So there’s that. Yet if I read the signs aright, many politically conservative Christians, Catholics and Evangelicals both, are now shifting in their attitude to the state, to a new assertion not just of the limits and dangers of the market but of the need for a welfare and regulatory government. They haven’t become old-fashioned socialists or even social democrats. They still believe in a capitalist economy, but want to restrict, temper, and even direct it in a way much more “liberal” than their movement has allowed since the 1970s.

They don’t make up a self-conscious movement and their affirmation of the state is often inconsistent and tentative, but the people I’m thinking of have broken with the conservative economic orthodoxy of the last few decades. Catholics emphasize the positive understanding of the state found in Catholic Social Teaching, an aspect of the teaching recently ignored, the way families don’t mention the nephew in jail for robbing liquor stores.

 I make this observation from conversations and wide reading in Catholic magazines and websites, and from talks like Archbishop Charles Chaput’s affirming exposition of Francis’s thinking on economics, given at the Napa Conference last July.

Indeed I’ve been surprised at several conservative Catholics I know who’ve strongly defended Francis for his views on politics and economics, people I’d have thought would have criticized him for his failure to support the market more unhesitatingly. You see this attitude especially clearly among the young Catholic writers writing for major Catholic websites, where libertarian voices are rare and where Alasdair MacIntyre is invoked far more often than Michael Novak.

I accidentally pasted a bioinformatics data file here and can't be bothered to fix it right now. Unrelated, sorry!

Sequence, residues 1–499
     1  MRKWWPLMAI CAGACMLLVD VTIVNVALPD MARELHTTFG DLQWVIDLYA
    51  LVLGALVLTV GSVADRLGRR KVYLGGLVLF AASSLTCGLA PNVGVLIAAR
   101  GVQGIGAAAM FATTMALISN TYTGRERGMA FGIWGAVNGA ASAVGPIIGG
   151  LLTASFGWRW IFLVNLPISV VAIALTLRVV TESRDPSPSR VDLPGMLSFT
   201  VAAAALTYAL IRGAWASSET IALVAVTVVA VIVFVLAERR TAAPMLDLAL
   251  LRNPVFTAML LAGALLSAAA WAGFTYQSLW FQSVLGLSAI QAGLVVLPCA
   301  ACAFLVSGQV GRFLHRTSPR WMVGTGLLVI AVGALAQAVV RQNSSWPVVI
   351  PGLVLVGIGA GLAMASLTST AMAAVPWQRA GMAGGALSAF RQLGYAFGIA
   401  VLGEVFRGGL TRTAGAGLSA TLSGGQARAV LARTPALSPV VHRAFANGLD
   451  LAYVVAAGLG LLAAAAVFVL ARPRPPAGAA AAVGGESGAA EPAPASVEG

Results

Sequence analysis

Conservative Christians are changing on racial matters, as I wrote on my weblog last week. Many leading Christian conservatives no longer automatically defer to the police in any conflict and growing numbers are beginning instinctively to take the side of the marginalized and to question the agents of the state. As I wrote, they are now the kind of people whose support for racial minorities and the civil rights movement in the sixties National Review made fun of. The same is true for allegations about rape and the rape culture, as seen in the first responses to the Rolling Stone story on the University of Virginia.

They are moving left on economic matters as well, though not as consistently or quickly as on race. There’s still the problem of the poor panicked dog on the streets of Brooklyn and a city agency arranged to avoid dealing with the problem from Friday evening to Monday morning. But among the Catholics I’m writing about, that kind of problem is no longer dispositive, as the lawyers put it.

What it all means, I’m not sure, though I do think it is part of a growing disengagement of politically conservative Christians from the Republican party — a decisive disengagement that puts their movement into play when, as seems likely, the Republican candidate in a particular election is as pro-choice and pro-homosexual marriage as the Democrat. In the past, economics would have sent them to check off the Republican name. Now, that’s no longer so certain a choice.

David Mills,former executive editor of First Things, is a writer and author of Discovering Mary. His webblog can be found at